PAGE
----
These are some of the texts that point us to find the Bible's thesis in the person and work of Jesus Christ. Preachers are not being fanciful when they attempt to connect their sermon text to the person and work of Jesus Christ; they are being faithful. One can pick up a book of Scripture and read it in its context and take away lots of important information and context and content. This is, in fact, how many Christians read the Bible. They read a given text--say, Esther--and they come away encouraged by it, understanding more of God and man and how the two interact and what ancient Judaism looked like and how God triumphs over evil and things like this. Let me be clear: these are immensely important things. However, this Christian is missing the Bible's thesis, the richness of a thesis-driven reading of Scripture, and is in some way disobeying Christ and His explicit command to read the Bible in terms of a theological argument. I once read the Bible in this way, and though I am sure that I and others who did (and do) are not seeking to disobey Christ's direct teaching, it is clear that we are.

This post is not okaying any and all interpretations of Scripture so long as they purport to point to Christ (as if I can okay anything). No. We must be responsible Christocentricists. We can acknowledge that some texts foreshadow and disclose Christ's coming and work more clearly and fully than others. We can at times confess, both to ourselves and to our congregations, that the Christocentric connection is rather abstract due to a lack of clarity on our part (thus emphasizing our exegetical weakness and the Bible's mystery more than its lack of anything). With these caveats stated, whether you are a preacher or a politician, a teacher or a tradesman, a homemaker or a teenager, you are called to read the Bible as if it has a thesis, namely, the person and work of Jesus Christ. The Old Testament foreshadows Christ, the New Testament discloses His person and work in fullness (see the above texts). Thus, every text of the Bible in some way relates to the gospel of Christ, and every Christian must learn to the read the Bible with this rich, invigorating, glorious thesis. God in His wisdom wrote the Bible through men, and He did so with a distinct thesis in mind: He wrote the Scripture to tell of Himself, to illuminate the character of men, to record a history of His dealings with men, and most significantly, to point to Christ and His work as the center, the apex, the pinnacle, of the Word.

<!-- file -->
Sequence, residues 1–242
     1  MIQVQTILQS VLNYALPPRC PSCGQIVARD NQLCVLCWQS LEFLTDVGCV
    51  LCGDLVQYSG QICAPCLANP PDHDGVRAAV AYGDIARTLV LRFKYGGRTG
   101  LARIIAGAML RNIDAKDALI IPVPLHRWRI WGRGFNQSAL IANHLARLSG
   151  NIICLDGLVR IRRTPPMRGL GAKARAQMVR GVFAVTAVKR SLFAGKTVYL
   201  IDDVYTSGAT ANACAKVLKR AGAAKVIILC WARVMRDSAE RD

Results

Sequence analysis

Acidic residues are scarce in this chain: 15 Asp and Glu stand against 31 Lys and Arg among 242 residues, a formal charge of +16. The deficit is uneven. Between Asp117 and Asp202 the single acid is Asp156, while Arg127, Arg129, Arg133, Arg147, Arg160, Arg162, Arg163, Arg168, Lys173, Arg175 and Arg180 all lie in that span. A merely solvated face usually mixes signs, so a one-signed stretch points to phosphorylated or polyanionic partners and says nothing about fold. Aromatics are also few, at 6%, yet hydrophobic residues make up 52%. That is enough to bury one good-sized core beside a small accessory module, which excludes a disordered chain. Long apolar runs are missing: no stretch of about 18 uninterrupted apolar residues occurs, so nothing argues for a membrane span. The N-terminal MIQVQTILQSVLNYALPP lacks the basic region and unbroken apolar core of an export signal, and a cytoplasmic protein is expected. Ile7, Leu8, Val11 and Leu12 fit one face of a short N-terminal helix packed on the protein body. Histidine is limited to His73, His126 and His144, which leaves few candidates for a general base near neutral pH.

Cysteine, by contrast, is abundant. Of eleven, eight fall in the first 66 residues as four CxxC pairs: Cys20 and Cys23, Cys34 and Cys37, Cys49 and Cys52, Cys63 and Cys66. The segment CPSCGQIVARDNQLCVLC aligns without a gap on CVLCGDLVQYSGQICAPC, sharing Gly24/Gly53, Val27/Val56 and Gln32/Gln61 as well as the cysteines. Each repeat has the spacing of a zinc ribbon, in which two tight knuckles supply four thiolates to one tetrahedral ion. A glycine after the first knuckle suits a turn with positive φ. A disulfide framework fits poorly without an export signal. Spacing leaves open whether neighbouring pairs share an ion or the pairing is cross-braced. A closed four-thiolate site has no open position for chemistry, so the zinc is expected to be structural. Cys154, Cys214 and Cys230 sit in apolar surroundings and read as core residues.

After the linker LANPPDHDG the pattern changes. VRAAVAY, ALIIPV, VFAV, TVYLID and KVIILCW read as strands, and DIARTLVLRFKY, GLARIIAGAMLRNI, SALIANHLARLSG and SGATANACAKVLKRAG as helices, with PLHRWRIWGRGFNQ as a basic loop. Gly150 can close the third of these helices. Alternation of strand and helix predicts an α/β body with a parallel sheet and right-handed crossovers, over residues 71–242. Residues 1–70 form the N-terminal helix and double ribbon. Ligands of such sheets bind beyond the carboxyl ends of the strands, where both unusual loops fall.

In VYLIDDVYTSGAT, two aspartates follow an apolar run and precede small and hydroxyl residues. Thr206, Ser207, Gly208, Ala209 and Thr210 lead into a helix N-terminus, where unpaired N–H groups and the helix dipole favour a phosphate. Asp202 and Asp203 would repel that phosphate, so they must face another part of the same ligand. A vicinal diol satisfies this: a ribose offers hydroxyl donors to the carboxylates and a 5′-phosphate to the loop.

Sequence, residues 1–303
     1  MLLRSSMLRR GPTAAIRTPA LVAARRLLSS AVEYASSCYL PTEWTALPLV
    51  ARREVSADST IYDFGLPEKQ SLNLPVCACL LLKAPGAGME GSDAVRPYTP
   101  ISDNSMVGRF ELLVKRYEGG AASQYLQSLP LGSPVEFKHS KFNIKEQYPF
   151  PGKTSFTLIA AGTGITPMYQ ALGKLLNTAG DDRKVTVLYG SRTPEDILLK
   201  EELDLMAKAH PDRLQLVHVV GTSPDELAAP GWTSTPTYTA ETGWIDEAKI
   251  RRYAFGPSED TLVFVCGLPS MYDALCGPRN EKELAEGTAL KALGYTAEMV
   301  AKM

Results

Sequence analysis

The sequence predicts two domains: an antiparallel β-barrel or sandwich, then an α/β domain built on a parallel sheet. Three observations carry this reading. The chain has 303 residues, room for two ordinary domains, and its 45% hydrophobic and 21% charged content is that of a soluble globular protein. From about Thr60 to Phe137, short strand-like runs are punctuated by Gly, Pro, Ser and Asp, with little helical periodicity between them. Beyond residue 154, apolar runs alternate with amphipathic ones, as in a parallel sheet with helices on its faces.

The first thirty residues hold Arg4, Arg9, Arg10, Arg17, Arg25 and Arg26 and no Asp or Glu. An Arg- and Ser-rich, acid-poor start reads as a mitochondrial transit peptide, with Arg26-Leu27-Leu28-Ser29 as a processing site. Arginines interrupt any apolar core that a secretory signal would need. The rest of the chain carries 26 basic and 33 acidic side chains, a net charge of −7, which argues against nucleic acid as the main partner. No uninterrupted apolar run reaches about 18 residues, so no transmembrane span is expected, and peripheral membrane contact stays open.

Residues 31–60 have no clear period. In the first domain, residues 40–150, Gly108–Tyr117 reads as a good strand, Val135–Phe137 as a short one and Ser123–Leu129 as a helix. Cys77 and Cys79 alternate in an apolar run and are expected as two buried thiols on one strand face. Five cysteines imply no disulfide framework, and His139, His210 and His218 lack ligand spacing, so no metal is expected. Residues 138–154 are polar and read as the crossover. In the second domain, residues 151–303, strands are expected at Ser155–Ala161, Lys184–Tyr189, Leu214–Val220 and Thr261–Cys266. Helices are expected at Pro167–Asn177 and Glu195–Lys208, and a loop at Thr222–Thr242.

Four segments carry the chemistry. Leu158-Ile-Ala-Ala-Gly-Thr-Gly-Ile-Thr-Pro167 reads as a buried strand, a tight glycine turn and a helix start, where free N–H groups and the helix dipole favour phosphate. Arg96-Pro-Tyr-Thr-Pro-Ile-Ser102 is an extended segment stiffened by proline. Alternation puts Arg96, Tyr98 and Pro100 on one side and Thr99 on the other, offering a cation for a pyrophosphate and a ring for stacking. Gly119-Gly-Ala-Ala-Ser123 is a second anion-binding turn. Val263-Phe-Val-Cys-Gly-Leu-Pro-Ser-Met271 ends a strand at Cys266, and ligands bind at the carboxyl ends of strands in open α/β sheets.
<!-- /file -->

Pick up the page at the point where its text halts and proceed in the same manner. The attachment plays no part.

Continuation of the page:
Let us read the Scripture accordingly--not as a book of sixty-six fascinating but loosely connected books, but as a collection of diverse authors and subjects who nonetheless speak a single central theme: the glory of God as revealed in the person and work of Jesus Christ. Let us not ignore this matter; if we do so, after all, we're not disobeying a bunch of fanciful theologians who comment on the Bible. No, we're disobeying Christ, the One who wrote it.

Further reading: Dennis Johnson, Him We Proclaim: Proclaiming Christ from All of Scripture, P & R, 2007.

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Friday, January 25, 2008

The Week-est Link, January 25 2008

1. Thanks so much to all the bloggers out there who have linked to consumed. I really appreciate it, and thanks to all who left very kind comments last week about my blog. I was very encouraged as I always am by the commenters on this blog.

2. Here's what looks like a perceptive and beneficial lecture on Islam and the claims of radical Islam. It was held at Capitol Hill Baptist last spring and has received very good feedback.

3. A well-rounded and persuasive piece on limited atonement, written by an SBTS student and friend named Bradley Cochrane. What's nice is that the post is readable and relatively brief, unlike some of the stuff you see out there on the subject. (HT: Said at Southern)

4. Griffin House makes good, soulful music. I don't think you've heard of him--I certainly hadn't--but my buddy Ben Peays hipped me to him. Check out this song for sure--very melancholy and moving: "Tell Me a Lie." Sort of country, folk, alt-rock. If you like the video snippet, buy the mp3. I can't stop listening to it.

5. Excellent Collin Hansen piece on Barack Obama's abortion views. Obama is the most pro-abortion candidate ever, according to some. Some may sneer at single-issue voting, but Christians should not, when that issue relates to the death of millions of babies. Hansen's a fellow TEDS student and a very good writer. More on his work in the future. (HT: Justin Taylor)

Have a great weekend. It's supposed to warm up here in Deerfield, which means that regular existence--characterized by such activities as moving and breathing--should resume soon.

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Thursday, January 24, 2008

"There Will Be Blood" Makes Good on Its Promise, and Startles in its Depiction of Evil Manhood